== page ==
(Trinidad Newsday, 5.Feb.2020) — One of the biggest lessons we can take away from the pausing of the landmark cross-border agreement between TT and Venezuela is how our interests are inherently wrapped up with international politics.
Prime Minister Dr Keith Rowley’s confirmation on Monday that US sanctions have had an impact on the prospect of the project going forward is not surprising. It should nonetheless deepen our resolve to insulate our economy from the whims of international developments through meaningful diversification.
Rowley, as well as Energy Minister Franklin Khan, appear optimistic that once sanctions are lifted it will be full steam ahead since virtually all of the preparatory work has been done. But such optimism puts much faith in the capacity of the main actors to resolve their differences within a reasonable timeframe. That’s not certain to happen.
Donald Trump has had no qualms in expressing his desire for regime change in Venezuela, while Nicolas Maduro has shown little sign of relaxing his dictatorship. With Americans due to vote later this year in presidential elections, Trump is likely to dig in on his “foreign policy” to galvanise support at home. And with so many unknown factors, particularly within the Democratic party after its Iowa fiasco, even assuming a change in the White House, it’s not clear what the position of the Oval Office will be after November 3. Perhaps these uncertainties make the fate of Dragon more tenuous than the Government would desire.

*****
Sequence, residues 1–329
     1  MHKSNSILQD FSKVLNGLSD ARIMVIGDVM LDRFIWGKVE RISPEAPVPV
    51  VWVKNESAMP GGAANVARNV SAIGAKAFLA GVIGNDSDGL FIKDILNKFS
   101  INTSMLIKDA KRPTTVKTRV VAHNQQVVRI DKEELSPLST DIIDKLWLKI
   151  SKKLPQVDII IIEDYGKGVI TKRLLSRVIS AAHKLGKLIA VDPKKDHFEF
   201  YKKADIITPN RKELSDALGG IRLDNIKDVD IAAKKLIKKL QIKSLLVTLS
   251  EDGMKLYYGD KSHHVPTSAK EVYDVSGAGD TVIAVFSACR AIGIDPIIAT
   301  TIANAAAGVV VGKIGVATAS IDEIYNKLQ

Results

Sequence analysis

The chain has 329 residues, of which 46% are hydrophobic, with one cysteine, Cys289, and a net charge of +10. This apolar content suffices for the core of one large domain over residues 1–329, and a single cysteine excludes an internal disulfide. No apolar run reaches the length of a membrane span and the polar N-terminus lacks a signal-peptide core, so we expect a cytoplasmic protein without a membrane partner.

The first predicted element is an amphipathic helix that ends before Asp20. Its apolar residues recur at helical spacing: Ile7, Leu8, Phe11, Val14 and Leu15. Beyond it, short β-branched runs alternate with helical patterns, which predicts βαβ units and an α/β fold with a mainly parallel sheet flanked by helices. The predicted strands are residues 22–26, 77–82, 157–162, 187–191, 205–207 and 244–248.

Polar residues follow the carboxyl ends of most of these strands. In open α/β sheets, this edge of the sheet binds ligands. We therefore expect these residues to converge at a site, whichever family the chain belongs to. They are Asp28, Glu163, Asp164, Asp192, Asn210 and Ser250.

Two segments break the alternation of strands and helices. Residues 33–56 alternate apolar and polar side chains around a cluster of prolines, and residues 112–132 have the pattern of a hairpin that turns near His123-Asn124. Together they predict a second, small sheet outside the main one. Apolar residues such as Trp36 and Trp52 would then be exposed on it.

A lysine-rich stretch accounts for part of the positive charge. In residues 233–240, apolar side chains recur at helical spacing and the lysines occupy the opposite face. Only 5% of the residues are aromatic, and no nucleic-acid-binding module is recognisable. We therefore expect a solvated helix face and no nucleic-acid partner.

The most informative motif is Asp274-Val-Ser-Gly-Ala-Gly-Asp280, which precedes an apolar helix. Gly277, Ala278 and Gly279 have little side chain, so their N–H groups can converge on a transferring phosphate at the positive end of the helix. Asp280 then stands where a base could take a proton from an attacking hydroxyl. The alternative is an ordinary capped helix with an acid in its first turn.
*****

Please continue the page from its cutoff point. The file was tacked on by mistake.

At the same time, it was not all bad news. Government will move forward with Manatee, part of the Loran-Manatee cross-border (shared field) with Venezuela. The field has just over ten trillion cubic feet of gas, with about 75 per cent in Venezuela and 25 per cent in TT. Rowley said Manatee was “the single most significant development in the energy sector in recent times.” He also boasted of close to a billion dollars in profits from the subsidiary companies of Trinidad Petroleum Holdings Ltd – Heritage Petroleum and Paria Fuel Trading companies. He said for its first year Heritage made $884 million in profits after tax (unaudited) and Paria garnered $172 million for the same period.
It will not escape many, however, that the matter of the impact of US sanctions on our own economic prospects might have been one matter which could have usefully been raised with US Secretary of State Mike Pompeo in his controversial visit to Jamaica at which he selectively invited some Caricom leaders, at the expense of others. The irony is that notwithstanding the region’s position of non-intervention in the impasse between the US and Venezuela, we’ve still paid a price.
This, then, is the face of sovereignty in the year 2020.
Still, there is some merit in turning to other regional partners, such as Guyana, for fresh collaborations. DeNovo managing director Joel “Monty” Pemberton last week noted the potential of such collaborations, possibly involving shared infrastructure, to maximise existing resources.
And yet, at a time when the world is turning away from the extraction of fossil fuels, there is also merit in going beyond the status quo and seeking to deepen our diversification, independent of the energy industry.